Private Affair



It doesn’t come as a surprise that following Elliot Spitzer’s resignation his replacement, Gov. David Paterson, would be scrutinized for any past indiscretions. Paterson didn’t disappoint and has admitted to having an extramarital affair for two to three years while he and his wife, Michelle, were having difficulties. For me, this raises some questions.

Why does public need to know about Paterson’s infidelity?

As I write this, I realize I have provided the link to the article on that very subject, making me guilty of promulgating the story. My weak rationale is that the news is already out there and you are likely curious what the New York Daily News article says. Plus, due to the Spitzer scandal, the question was going to be asked of his replacement — the reporter was doing his job. So the answer regarding “public need” is moot; we were going to find out no matter what. However, now that we have found out about this little painful secret, does the new information give us any insight as to how Paterson might govern?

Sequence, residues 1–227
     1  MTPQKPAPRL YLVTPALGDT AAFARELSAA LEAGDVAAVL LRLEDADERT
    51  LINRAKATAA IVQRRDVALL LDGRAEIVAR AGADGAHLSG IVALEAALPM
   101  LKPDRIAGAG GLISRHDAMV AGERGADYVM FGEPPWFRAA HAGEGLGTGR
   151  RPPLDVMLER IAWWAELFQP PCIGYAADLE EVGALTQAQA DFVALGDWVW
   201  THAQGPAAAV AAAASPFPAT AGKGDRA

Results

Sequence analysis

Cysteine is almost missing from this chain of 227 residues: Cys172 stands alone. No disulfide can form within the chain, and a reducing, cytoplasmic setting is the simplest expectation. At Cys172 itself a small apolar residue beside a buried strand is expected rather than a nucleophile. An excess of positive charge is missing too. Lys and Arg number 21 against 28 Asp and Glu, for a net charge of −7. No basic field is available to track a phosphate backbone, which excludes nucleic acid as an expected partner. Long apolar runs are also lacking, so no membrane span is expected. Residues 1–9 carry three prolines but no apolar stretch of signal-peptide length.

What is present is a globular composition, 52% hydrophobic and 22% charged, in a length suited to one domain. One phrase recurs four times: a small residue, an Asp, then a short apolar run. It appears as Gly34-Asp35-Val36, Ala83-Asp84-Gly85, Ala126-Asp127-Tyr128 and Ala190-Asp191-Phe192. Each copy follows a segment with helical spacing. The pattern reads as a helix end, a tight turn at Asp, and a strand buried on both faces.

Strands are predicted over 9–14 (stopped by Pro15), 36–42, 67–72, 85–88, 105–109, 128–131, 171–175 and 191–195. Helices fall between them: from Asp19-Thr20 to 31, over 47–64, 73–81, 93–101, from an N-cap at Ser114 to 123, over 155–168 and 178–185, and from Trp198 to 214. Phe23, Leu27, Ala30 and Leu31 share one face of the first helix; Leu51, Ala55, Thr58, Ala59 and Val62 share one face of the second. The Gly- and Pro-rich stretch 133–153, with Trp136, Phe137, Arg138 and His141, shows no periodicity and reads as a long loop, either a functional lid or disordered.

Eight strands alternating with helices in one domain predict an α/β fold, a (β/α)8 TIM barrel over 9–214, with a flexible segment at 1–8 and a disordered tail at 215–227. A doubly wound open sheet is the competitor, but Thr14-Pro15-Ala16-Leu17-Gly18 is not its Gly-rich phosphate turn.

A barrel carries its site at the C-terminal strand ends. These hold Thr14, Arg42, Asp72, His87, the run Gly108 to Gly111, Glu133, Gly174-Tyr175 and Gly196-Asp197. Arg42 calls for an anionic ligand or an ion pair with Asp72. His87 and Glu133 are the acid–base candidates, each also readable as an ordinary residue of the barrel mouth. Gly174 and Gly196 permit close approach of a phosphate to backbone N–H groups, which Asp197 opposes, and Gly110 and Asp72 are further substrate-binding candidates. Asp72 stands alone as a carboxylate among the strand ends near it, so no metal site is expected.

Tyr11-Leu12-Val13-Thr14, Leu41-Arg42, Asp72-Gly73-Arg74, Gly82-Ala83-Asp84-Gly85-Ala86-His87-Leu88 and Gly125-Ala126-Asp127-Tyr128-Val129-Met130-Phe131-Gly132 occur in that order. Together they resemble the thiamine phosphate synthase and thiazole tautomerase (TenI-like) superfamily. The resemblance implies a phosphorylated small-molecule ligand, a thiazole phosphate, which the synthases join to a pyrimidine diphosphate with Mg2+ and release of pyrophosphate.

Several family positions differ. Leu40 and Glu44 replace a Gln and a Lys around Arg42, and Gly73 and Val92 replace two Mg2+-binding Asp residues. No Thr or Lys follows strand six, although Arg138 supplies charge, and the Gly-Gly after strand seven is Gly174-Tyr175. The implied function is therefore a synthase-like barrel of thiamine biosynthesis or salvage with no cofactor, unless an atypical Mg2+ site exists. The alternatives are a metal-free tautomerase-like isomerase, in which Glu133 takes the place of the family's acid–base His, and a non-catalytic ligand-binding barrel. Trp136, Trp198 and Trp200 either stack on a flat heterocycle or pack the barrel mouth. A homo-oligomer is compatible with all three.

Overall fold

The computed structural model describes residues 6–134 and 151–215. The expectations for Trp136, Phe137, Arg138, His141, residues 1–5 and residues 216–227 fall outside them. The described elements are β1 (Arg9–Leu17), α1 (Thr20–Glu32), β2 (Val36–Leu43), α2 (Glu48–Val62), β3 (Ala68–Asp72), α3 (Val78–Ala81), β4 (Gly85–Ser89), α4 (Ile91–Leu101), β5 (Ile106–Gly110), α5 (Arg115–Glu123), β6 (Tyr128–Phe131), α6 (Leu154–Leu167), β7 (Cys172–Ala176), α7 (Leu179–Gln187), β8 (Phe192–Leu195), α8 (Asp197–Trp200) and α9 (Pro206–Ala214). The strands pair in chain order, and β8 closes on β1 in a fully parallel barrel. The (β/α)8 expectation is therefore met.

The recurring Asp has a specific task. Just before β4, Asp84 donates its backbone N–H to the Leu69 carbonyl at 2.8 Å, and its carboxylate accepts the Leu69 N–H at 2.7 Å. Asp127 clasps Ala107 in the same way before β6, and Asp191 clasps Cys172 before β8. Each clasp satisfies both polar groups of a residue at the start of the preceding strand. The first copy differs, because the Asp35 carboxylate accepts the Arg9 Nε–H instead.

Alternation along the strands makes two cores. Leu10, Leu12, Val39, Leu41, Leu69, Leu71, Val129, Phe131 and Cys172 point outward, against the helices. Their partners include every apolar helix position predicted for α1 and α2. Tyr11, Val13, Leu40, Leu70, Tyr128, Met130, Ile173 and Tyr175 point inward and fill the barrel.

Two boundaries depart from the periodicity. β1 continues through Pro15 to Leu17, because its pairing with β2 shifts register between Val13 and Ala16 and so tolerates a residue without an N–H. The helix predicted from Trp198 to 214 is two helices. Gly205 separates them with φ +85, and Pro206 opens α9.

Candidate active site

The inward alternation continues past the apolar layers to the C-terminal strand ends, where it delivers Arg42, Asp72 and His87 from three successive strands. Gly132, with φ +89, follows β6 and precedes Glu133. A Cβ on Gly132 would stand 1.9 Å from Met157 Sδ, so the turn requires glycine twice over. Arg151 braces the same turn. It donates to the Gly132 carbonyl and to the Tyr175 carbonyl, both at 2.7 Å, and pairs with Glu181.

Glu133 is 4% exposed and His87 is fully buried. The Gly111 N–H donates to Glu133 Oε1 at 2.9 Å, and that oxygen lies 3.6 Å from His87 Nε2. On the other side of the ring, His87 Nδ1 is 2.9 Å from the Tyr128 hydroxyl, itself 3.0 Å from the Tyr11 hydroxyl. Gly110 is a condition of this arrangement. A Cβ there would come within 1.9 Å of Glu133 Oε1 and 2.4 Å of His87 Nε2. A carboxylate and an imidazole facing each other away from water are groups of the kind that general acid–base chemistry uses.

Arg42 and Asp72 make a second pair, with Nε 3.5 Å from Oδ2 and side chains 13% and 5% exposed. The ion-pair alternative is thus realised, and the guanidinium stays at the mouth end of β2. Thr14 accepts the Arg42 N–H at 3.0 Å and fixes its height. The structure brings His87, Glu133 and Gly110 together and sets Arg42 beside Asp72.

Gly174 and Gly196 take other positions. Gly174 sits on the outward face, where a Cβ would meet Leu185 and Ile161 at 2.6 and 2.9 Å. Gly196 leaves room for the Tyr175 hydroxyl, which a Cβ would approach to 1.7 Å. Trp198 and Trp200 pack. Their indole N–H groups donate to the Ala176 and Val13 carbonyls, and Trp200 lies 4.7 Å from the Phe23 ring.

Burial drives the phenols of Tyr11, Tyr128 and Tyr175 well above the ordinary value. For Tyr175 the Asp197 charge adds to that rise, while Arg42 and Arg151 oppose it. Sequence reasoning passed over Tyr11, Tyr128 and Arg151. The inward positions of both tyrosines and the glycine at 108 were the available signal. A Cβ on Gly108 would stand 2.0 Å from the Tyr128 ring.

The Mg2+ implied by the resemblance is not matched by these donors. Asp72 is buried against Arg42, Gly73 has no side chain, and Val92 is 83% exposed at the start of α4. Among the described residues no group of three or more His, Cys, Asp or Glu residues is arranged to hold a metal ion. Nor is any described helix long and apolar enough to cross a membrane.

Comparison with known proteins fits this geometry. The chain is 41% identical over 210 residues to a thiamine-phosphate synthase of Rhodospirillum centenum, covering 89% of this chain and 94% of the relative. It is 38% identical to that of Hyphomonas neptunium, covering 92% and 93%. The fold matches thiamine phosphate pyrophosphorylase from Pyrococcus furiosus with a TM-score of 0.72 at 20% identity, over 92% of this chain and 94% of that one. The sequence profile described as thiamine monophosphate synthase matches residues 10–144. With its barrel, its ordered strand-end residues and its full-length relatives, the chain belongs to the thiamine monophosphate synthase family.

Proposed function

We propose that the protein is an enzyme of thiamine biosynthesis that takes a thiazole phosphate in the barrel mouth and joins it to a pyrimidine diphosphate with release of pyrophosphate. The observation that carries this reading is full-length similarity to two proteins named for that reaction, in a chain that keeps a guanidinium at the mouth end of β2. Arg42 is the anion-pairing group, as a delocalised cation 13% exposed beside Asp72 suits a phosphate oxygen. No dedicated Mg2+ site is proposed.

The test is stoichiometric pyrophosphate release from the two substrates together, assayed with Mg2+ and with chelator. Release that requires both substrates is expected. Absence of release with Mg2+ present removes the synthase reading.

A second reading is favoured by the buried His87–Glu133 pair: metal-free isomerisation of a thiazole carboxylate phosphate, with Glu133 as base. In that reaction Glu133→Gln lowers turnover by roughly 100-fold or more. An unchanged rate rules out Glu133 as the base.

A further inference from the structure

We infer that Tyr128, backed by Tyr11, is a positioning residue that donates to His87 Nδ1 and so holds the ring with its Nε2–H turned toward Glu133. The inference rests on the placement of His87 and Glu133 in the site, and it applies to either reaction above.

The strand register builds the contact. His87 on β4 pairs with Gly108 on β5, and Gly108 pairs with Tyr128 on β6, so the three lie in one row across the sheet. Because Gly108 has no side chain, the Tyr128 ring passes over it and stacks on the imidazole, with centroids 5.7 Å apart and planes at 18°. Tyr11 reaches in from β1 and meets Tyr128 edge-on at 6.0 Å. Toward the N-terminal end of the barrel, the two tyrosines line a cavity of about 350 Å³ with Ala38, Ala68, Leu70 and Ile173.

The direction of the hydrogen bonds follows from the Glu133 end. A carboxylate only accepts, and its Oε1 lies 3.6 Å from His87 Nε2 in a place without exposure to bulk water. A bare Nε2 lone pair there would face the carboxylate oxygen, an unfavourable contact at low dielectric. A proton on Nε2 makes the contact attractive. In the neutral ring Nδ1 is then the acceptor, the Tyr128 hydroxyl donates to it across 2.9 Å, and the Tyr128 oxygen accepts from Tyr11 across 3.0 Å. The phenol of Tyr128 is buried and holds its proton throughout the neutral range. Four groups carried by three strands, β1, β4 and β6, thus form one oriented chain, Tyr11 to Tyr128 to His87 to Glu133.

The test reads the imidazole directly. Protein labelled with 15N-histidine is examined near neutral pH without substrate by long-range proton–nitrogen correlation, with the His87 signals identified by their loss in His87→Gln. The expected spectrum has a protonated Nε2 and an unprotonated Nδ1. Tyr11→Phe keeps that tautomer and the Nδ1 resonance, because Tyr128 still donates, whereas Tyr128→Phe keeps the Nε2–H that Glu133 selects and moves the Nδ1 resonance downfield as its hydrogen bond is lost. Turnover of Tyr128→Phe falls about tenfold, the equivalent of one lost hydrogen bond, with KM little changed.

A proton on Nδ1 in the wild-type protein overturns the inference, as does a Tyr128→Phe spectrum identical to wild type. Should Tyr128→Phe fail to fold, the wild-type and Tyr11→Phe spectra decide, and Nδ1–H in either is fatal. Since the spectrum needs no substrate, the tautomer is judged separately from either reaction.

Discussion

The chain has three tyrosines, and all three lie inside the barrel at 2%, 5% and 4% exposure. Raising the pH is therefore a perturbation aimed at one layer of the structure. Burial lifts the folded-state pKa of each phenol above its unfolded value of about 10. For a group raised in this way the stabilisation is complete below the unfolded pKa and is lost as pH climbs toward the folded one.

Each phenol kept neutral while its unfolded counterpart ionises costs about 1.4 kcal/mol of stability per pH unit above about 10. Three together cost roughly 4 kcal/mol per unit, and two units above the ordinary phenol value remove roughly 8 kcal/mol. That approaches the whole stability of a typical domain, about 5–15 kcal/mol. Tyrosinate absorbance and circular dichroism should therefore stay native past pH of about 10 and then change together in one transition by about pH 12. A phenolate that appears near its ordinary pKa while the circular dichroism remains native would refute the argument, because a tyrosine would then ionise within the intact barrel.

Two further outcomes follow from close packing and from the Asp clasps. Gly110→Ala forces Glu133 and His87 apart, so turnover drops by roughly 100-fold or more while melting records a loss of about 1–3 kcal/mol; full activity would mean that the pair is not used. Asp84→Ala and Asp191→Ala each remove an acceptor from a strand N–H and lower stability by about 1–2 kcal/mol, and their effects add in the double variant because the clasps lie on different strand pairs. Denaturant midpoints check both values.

I suggest it doesn’t.

Unless known infidelity is a crime (Michelle Paterson is aware of the affair and had one herself), Paterson and his wife didn’t break any laws. Two people were having marital problems and they each sought comfort in other relationships. There were no call girls; no fancy footwork in bathroom stalls by a hypocrite; malfeasance or perjury. No, this was an up-until-now-private affair, and unless there were laws broken or a history of hypocrisy exposed, it’s time everyone left the Paterson’s marriage alone and let Paterson get on with the job of governing.

David Vitter? Now that’s a different story

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